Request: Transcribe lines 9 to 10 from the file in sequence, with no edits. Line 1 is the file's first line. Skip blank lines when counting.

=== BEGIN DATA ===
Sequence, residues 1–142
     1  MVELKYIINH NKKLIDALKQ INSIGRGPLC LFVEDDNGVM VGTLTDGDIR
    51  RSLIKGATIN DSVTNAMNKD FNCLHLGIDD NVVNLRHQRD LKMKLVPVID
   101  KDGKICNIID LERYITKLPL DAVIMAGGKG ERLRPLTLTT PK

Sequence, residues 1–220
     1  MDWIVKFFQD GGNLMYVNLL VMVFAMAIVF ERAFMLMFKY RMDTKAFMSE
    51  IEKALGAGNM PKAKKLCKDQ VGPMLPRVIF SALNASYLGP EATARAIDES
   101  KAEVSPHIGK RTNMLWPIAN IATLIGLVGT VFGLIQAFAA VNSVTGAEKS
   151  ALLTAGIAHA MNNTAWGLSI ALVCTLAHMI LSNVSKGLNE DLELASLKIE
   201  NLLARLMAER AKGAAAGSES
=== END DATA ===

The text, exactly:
   151  ALLTAGIAHA MNNTAWGLSI ALVCTLAHMI LSNVSKGLNE DLELASLKIE
   201  NLLARLMAER AKGAAAGSES